The need to descend into the deeper layers of one's being in order to find
sustenance and direction echoes ancient feminine initiation rituals. From Inanna's
descent to the underworld to the ancient ritual of the Thesmophoria or the

initiation ceremonies at the Villa of Mysteries of Pompeii--all portray the archetypal


need women feel to pull back into themselves periodically and plumb their own
depths. Even as I write these words, I am aware of my own need to forego my
addiction to having a clean house or serving breakfast to my family (who are
perfectly capable of slicing their own bread and placing it in the toaster) in order to
write this piece. Whereas our culture overemphasizes the feminine virtue of
caretaking and being all things to everyone, female animals know when enough is
enough and are quite capable of turning their backs when the time is right. So,
too, the psyche seems to encourage women to claim the right to their own time
and process--to nurture themselves on a soul level.
Another woman, also struggling with issues of time and energy for herself versus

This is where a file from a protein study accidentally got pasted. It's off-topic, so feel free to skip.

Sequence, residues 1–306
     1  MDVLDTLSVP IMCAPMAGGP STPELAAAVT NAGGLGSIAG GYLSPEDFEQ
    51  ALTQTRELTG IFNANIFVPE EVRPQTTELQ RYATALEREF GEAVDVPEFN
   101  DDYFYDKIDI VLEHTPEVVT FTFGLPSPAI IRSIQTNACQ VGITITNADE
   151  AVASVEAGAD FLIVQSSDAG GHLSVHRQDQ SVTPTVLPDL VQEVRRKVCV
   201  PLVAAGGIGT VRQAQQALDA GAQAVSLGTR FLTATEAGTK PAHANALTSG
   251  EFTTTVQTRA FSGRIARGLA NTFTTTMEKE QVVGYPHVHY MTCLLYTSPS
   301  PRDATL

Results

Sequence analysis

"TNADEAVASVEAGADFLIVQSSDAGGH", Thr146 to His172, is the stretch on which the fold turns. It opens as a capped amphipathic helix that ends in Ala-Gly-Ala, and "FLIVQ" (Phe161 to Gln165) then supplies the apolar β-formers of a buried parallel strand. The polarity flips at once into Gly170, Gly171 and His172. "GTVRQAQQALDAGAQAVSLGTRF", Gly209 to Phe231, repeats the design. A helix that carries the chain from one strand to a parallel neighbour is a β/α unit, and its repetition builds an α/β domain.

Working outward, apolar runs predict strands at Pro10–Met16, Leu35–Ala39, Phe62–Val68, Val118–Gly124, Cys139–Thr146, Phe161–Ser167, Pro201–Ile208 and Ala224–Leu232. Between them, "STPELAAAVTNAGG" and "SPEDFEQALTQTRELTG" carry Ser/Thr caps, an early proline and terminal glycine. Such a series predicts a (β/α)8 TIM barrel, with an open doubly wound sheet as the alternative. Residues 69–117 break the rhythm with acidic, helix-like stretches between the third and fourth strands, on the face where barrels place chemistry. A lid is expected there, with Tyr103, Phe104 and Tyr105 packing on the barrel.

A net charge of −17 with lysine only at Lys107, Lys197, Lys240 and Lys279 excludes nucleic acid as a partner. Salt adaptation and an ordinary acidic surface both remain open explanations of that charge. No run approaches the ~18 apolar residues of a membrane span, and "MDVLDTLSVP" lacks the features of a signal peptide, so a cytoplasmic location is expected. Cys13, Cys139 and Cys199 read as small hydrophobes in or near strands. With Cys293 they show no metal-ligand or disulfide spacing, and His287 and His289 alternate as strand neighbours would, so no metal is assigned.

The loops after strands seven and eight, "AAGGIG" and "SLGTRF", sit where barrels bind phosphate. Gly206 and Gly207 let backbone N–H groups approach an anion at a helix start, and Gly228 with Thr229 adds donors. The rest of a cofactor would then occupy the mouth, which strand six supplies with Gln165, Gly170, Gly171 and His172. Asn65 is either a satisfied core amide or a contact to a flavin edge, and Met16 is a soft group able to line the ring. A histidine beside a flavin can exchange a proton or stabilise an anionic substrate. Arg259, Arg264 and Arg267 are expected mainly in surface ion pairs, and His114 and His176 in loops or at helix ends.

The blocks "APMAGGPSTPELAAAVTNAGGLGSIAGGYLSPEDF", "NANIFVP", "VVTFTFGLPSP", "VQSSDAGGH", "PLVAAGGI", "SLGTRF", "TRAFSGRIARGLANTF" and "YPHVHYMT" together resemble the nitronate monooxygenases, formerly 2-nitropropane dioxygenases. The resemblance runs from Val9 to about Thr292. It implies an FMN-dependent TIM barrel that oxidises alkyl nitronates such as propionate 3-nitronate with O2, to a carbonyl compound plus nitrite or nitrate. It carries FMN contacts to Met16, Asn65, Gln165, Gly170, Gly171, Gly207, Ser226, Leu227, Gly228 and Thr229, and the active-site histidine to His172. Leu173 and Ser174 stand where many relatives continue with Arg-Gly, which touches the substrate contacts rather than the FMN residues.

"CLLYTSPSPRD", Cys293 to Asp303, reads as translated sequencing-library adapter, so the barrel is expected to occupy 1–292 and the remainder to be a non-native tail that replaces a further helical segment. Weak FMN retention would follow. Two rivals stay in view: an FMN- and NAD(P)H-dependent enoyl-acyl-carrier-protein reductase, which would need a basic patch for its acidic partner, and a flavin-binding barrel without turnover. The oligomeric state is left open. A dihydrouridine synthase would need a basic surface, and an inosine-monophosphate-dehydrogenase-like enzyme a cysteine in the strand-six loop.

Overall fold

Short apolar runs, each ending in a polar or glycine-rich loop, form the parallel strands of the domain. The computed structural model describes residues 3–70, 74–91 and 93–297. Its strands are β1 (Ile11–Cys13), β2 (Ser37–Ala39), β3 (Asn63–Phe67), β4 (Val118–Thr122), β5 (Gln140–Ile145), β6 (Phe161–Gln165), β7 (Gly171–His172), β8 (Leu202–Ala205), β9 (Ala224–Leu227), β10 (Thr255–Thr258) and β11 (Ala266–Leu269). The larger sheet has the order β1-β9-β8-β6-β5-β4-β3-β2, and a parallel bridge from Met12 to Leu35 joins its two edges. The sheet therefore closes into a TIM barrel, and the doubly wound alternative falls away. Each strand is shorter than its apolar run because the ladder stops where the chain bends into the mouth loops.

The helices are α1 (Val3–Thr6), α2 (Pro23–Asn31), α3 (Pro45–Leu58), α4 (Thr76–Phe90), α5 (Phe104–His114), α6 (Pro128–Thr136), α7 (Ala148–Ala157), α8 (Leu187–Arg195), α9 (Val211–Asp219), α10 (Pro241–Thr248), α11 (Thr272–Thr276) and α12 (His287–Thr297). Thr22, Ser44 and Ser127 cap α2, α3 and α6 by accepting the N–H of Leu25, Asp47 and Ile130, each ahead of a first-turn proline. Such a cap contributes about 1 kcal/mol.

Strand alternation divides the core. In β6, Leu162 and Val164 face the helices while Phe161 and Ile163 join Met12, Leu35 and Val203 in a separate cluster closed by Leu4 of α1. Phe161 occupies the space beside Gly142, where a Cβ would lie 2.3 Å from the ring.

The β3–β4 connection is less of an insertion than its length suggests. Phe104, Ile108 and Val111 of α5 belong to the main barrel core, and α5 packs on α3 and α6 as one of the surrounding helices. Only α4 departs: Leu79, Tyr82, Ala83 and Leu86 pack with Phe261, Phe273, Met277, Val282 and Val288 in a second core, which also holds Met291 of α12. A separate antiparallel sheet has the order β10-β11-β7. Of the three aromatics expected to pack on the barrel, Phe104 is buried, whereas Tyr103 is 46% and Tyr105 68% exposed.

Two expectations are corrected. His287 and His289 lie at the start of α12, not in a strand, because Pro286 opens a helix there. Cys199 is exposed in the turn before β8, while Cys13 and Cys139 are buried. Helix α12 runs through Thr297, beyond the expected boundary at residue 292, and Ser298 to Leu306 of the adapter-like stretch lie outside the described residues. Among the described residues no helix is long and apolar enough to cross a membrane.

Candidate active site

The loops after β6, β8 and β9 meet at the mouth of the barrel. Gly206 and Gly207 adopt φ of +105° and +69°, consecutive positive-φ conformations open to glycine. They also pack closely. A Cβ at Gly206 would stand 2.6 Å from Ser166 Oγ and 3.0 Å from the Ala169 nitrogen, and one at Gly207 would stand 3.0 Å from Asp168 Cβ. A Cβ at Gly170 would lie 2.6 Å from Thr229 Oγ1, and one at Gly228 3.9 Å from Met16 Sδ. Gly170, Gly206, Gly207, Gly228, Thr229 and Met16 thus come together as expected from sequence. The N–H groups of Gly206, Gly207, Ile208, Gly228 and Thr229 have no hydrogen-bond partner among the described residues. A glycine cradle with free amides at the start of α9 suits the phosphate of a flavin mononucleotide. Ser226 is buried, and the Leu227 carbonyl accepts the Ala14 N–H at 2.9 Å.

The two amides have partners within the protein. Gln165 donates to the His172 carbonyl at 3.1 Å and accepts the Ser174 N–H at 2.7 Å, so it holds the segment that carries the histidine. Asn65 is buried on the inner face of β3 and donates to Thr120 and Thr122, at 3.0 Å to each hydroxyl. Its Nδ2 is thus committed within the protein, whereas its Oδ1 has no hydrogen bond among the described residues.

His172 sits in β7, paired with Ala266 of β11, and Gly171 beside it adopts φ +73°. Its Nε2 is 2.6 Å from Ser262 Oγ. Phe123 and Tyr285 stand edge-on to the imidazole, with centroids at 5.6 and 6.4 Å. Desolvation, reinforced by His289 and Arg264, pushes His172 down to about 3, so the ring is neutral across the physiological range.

her relationship, work, and friendships, had the following dream:

I'm at a big party. The place is big and open and on two levels. There
are lots of people milling around. I am walking down some steps to the
lower level. I sense that [boyfriend] is in front of me in the distance. I
become self-conscious that I am following him around. I don't want to
be tagging along. Then I suddenly become conscious of the fact that I
am not tagging along. In fact, we had started out together and I had
gotten distracted and waylaid and now I am behind him trying to catch
up. This knowledge hits me like a revelation. I know that he really
wanted me alongside of him and that the feeling of tagging along is a
distortion on my part. Then I see lobster parts--I associate them with